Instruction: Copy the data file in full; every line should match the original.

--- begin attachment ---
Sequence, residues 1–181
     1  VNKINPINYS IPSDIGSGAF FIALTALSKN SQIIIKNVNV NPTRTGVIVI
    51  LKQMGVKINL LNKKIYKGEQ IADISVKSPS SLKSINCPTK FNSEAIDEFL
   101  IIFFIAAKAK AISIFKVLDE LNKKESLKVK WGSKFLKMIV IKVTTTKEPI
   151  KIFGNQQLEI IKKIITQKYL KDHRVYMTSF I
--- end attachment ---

Sequence, residues 1–181
     1  VNKINPINYS IPSDIGSGAF FIALTALSKN SQIIIKNVNV NPTRTGVIVI
    51  LKQMGVKINL LNKKIYKGEQ IADISVKSPS SLKSINCPTK FNSEAIDEFL
   101  IIFFIAAKAK AISIFKVLDE LNKKESLKVK WGSKFLKMIV IKVTTTKEPI
   151  KIFGNQQLEI IKKIITQKYL KDHRVYMTSF I